Hundreds attend ‘Bans Off Our Bodies’ rally in Harrisburg
Hundreds of lawyers took to the steps of the Pennsylvania Capitol on Saturday, reacting to a leaked draft opinion showing the US Supreme Court is apparently set to overturn the landmark 1973 Roe v. Wade decision that legalized abortion.
With “prohibition of our bodiesAs a rallying cry, organizers and lawmakers urged Pennsylvanians to voice their opposition to a series of abortion restriction proposals circulating in the Republican-controlled General Assembly and vote in the current election cycle.
“I’ve taken it for granted all my life that women should have choice about their reproductive health,” Cheryl Tierney, 51, a pediatrician at Penn State Health, told the Capital-Star.
And if the Supreme Court decides to overturn the 1973 decision, Pennsylvania could enact legislation limiting access to abortion throughout the Commonwealth.
“Generations before us have fought tirelessly to win and protect the rights we have today,” Planned Parenthood Pennsylvania Advocates executive director Signe Espinoza said to an angry crowd. , frustration and fear of what might happen if access to abortion were restricted.
Governor Tom Wolf, Democrat and former Volunteer for family planning, vetoed three proposals and vowed to block future legislation restricting the procedure while in office. But as the governor prepares to step down in January 2023, existing abortion regulations could tighten if a Republican is elected governor in the November general election.
“If the Supreme Court adopts this decision to overturn Roe v. Wade, it will jeopardize the right of every American — every American — to make their own private medical decisions,” Wolf said, describing the leaked draft opinion as a punch”.
Although the leaked draft notice does not change current Pennsylvania law, Wolf warned protesters about what could happen if the case is overturned.
“That’s no excuse for complacency,” he said. “It will be a fight.”
Thirteen states have passed so-called trigger laws, which would ban abortions if the Supreme Court overturned Roe v. Wade. Pennsylvania is not among them, but all nine GOP gubernatorial candidates have called for additional restrictions on abortion. At least five said they would support a complete ban on the proceedings with no exceptions for rape, incest or health risks.
Attorney General Josh Shapiro, Pennsylvania’s only Democratic gubernatorial candidate, has vowed to veto any legislation restricting access to abortion.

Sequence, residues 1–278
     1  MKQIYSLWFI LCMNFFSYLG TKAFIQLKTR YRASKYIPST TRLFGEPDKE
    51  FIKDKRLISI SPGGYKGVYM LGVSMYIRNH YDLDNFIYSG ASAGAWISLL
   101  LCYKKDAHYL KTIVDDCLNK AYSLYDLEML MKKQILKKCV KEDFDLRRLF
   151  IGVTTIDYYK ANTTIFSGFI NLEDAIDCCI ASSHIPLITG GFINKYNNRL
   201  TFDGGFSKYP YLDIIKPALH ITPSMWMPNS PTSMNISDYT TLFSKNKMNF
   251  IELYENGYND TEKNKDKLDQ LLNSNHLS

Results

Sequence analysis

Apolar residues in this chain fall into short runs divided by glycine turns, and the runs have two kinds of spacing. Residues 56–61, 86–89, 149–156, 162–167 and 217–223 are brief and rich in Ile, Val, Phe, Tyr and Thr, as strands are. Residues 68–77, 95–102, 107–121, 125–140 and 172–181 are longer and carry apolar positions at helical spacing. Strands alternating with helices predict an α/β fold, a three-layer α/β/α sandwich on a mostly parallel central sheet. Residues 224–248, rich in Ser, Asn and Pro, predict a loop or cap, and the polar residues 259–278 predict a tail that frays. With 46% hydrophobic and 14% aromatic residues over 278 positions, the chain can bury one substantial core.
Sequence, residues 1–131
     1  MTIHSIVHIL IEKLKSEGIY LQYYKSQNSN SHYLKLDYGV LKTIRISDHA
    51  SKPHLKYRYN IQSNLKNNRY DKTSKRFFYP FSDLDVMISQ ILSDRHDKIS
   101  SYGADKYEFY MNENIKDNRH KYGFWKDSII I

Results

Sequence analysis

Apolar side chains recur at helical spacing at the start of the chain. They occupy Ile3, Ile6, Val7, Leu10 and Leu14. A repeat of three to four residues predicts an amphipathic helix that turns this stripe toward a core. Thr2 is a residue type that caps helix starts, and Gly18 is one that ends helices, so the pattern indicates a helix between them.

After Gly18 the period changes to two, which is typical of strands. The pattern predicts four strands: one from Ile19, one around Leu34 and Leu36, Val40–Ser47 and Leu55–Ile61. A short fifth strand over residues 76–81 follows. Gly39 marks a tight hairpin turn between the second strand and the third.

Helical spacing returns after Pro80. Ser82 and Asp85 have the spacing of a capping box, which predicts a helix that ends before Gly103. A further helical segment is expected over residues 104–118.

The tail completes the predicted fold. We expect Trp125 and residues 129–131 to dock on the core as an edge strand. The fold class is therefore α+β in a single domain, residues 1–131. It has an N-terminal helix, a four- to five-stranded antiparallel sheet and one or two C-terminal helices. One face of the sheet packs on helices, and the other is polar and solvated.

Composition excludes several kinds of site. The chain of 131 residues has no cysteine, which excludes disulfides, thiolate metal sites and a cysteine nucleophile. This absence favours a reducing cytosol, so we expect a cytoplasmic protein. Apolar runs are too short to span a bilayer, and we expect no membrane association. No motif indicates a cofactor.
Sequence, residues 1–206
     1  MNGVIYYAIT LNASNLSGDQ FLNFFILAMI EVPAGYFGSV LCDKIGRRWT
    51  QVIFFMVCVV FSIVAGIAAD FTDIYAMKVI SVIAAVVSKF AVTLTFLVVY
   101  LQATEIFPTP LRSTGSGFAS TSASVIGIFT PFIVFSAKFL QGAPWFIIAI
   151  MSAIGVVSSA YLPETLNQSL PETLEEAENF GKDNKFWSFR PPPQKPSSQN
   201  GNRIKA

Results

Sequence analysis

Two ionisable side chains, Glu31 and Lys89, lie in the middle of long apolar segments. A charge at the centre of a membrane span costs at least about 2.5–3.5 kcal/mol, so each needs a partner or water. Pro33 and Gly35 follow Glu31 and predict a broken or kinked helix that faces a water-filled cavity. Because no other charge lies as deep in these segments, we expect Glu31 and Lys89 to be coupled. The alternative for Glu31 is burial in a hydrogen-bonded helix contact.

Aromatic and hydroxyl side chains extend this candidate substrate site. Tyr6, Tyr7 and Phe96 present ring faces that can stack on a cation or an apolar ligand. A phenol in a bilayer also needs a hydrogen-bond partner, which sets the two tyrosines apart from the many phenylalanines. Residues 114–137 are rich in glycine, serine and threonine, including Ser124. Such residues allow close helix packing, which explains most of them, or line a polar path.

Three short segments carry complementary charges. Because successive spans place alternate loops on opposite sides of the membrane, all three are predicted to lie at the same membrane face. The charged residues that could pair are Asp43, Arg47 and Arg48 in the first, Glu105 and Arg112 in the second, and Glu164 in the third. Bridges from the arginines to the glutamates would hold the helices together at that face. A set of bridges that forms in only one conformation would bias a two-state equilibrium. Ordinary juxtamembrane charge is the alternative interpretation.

Harrisburg Republicans wrote legislation which would impose a ban on abortion once cardiac activity is detected. They wrote a invoice to prohibit the procedure after a diagnosis of Down syndrome.
Last year, Senator Judy Ward, R-Blair, introduced a proposed constitutional amendment, which the governor cannot veto. If approved by voters, he would update the state’s guiding document to declare that there is no constitutional right to abortion or public funding for the procedure.
Organizers urged attendees to contact Ward and the proposed amendment’s co-sponsors, urging them to vote against the legislation passing the General Assembly. They also encouraged people to share their abortion stories and donate to an abortion fund.
When she took to the podium, Dr. Sarah Horvath, Medical Director of Planned Parenthood Keystone, was wearing her white lab coat and a purple superhero armband – a gift from her four-year-old daughter. As someone who has administered abortions for more than a decade, Horvath said he heard countless stories from his patients, who shared their traumas and struggles.
Some tell Horvath about abusive partners or rapes. Others say their partners are sick, away, or got someone else pregnant at the same time. Patients report that they have finally returned to school or are about to graduate. Some work three jobs to get by; others are caring for three children and cannot afford another.
“And I’ve had patients who haven’t shared their stories because they don’t want to because they don’t have to,” Horvath said. “Abortion is personal because you don’t have to prove to me or anyone else that you need an abortion. Abortion is personal. Abortion is the Abortion is freedom, and abortion is health care.
Sheryl Lee Ralph, actress and wife of State Sen. Vincent Hughes, D-Philadelphia, said Planned Parenthood takes care of communities.
“No matter what you believe, I believe it’s my body. It’s my choice. No one else should have the right to tell me what to do with my own body,” Ralph said, adding, ” No more wire hangers. We have work to do.